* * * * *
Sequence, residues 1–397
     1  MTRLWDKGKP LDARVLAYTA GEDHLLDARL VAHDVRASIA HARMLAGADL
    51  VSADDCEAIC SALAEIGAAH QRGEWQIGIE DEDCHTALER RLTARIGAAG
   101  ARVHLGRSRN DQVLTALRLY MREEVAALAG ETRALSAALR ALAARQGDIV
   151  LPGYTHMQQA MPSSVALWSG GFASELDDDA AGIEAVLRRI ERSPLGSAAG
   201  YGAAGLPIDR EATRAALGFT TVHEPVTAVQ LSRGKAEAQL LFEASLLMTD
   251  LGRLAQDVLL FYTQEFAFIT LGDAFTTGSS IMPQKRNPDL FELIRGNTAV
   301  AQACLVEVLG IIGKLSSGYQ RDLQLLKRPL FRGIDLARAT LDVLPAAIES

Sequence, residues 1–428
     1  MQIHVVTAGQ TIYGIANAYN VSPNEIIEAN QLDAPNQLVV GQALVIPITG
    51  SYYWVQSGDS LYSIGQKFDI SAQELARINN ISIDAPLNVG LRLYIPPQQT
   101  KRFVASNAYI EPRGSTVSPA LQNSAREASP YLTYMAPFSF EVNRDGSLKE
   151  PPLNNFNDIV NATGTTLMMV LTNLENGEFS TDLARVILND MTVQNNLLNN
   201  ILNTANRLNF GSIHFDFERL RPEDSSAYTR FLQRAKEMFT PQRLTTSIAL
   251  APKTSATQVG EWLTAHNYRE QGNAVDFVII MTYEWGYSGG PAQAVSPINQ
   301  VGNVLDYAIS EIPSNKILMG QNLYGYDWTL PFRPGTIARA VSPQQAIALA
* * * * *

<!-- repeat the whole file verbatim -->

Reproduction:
Sequence, residues 1–397
     1  MTRLWDKGKP LDARVLAYTA GEDHLLDARL VAHDVRASIA HARMLAGADL
    51  VSADDCEAIC SALAEIGAAH QRGEWQIGIE DEDCHTALER RLTARIGAAG
   101  ARVHLGRSRN DQVLTALRLY MREEVAALAG ETRALSAALR ALAARQGDIV
   151  LPGYTHMQQA MPSSVALWSG GFASELDDDA AGIEAVLRRI ERSPLGSAAG
   201  YGAAGLPIDR EATRAALGFT TVHEPVTAVQ LSRGKAEAQL LFEASLLMTD
   251  LGRLAQDVLL FYTQEFAFIT LGDAFTTGSS IMPQKRNPDL FELIRGNTAV
   301  AQACLVEVLG IIGKLSSGYQ RDLQLLKRPL FRGIDLARAT LDVLPAAIES

Sequence, residues 1–428
     1  MQIHVVTAGQ TIYGIANAYN VSPNEIIEAN QLDAPNQLVV GQALVIPITG
    51  SYYWVQSGDS LYSIGQKFDI SAQELARINN ISIDAPLNVG LRLYIPPQQT
   101  KRFVASNAYI EPRGSTVSPA LQNSAREASP YLTYMAPFSF EVNRDGSLKE
   151  PPLNNFNDIV NATGTTLMMV LTNLENGEFS TDLARVILND MTVQNNLLNN
   201  ILNTANRLNF GSIHFDFERL RPEDSSAYTR FLQRAKEMFT PQRLTTSIAL
   251  APKTSATQVG EWLTAHNYRE QGNAVDFVII MTYEWGYSGG PAQAVSPINQ
   301  VGNVLDYAIS EIPSNKILMG QNLYGYDWTL PFRPGTIARA VSPQQAIALA